A VERY great proportion of the controversies which exist in the Christian world, arise from an overstraining of just principles, and carrying them to an undue extent. Many are not contented with maintaining what God has plainly declared; but they will found on his declarations every thing that appears to be deducible from them. But, however legitimate any deduction may appear to us, we should make a great difference between it and the word on which it is founded; more especially if there be in the Holy Scriptures other passages directly opposed to our deductions. We should remember, that our finite faculties are incapable of comprehending all that the infinitely wise God has seen fit to reveal: and therefore, when we advance even an hair’s breadth beyond what God has expressly authorized, we should proceed with the utmost caution and diffidence. A rash and presumptuous mind will, without hesitation, build the doctrine of reprobation upon the declarations of St. Paul in this chapter. But St. Paul forbare to press his principles so far, because, however such an inference might appear just in the eyes of fallible man, it would have been in direct opposition to other declarations of Almighty God. His moderation is beautifully exhibited in this chapter. In order to silence the blasphemous cavils of an objector, he had been constrained to occupy high ground, and to assert God’s sovereign right to dispose of all his creatures, even as the potter has power over the clay, which he has prepared for his own use. But when he comes to sum up his argument, he does not refer the rejection of the Jews to the mere sovereign will of God, but to their own obstinate pride and unbelief: thereby shewing us, that, whilst we properly refer all good to God, we must trace all evil to ourselves: if we are saved, it is God who saves us, from first to last; but, if we perish, we perish through our own fault alone.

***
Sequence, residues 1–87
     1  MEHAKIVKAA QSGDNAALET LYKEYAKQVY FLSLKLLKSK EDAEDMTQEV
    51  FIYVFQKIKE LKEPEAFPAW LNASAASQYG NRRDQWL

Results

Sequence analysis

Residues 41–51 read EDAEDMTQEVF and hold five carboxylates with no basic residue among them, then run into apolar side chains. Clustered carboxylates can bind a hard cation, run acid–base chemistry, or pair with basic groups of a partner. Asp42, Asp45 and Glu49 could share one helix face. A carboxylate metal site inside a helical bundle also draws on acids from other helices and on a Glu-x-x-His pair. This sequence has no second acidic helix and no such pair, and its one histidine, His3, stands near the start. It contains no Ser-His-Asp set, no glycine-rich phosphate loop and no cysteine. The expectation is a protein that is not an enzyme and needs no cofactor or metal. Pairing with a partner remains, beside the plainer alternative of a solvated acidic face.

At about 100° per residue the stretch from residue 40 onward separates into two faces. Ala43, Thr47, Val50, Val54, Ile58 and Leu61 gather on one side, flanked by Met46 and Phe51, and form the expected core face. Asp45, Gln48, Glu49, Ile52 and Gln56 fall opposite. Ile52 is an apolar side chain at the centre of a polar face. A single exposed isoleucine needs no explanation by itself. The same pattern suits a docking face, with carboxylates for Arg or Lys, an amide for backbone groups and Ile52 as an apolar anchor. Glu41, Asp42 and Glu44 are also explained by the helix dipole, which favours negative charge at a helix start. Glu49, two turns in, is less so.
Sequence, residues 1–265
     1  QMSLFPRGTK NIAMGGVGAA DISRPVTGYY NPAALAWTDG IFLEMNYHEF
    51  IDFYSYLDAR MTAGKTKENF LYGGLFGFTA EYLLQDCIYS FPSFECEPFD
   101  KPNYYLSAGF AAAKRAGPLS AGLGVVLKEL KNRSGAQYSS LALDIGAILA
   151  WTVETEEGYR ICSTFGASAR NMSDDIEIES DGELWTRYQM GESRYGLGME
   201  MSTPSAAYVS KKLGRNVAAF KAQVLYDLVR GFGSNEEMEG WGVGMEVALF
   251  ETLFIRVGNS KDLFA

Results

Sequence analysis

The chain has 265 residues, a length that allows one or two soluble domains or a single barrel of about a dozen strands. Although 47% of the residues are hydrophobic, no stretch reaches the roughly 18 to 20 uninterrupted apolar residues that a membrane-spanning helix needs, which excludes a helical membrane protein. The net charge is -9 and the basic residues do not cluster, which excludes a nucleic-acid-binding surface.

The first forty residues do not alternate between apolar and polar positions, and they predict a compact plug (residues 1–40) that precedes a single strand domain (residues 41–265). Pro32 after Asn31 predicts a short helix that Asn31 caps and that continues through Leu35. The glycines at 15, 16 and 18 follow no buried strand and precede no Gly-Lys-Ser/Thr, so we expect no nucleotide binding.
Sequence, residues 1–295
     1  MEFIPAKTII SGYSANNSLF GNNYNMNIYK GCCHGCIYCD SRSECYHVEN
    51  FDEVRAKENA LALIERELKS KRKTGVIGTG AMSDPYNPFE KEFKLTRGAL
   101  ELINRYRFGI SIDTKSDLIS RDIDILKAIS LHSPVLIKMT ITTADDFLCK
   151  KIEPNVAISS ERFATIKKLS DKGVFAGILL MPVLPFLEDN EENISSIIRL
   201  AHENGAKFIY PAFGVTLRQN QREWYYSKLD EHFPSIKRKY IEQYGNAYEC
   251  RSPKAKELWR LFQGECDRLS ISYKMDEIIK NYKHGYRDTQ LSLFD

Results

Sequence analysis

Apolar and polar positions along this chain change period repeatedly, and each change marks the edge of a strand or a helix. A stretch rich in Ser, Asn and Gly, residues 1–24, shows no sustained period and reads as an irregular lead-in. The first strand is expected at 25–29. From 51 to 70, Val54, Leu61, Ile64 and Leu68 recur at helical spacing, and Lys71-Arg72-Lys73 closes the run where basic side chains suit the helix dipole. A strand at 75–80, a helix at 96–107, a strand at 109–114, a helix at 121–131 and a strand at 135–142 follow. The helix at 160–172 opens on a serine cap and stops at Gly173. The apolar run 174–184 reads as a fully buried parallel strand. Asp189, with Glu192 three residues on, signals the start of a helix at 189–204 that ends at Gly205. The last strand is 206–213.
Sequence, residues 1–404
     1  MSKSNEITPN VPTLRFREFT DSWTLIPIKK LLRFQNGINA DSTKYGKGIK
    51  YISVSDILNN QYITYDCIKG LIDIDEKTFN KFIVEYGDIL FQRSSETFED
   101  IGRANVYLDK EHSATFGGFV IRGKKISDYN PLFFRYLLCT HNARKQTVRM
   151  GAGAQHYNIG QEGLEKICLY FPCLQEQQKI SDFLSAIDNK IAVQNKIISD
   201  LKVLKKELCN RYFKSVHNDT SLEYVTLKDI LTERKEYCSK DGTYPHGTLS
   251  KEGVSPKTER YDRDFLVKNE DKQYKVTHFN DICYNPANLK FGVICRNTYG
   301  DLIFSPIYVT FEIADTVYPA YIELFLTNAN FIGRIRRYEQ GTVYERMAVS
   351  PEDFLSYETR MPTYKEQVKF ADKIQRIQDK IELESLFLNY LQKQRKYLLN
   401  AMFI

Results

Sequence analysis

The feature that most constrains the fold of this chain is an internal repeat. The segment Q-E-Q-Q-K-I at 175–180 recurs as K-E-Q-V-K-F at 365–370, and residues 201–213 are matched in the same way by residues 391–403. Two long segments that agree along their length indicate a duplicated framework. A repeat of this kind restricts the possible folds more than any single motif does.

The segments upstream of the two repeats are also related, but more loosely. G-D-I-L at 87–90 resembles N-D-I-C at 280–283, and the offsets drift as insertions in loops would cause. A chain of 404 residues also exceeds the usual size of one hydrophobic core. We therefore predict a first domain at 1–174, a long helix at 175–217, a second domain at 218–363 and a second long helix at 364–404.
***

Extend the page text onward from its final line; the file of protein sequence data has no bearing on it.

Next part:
For the further elucidation of our text, we shall consider,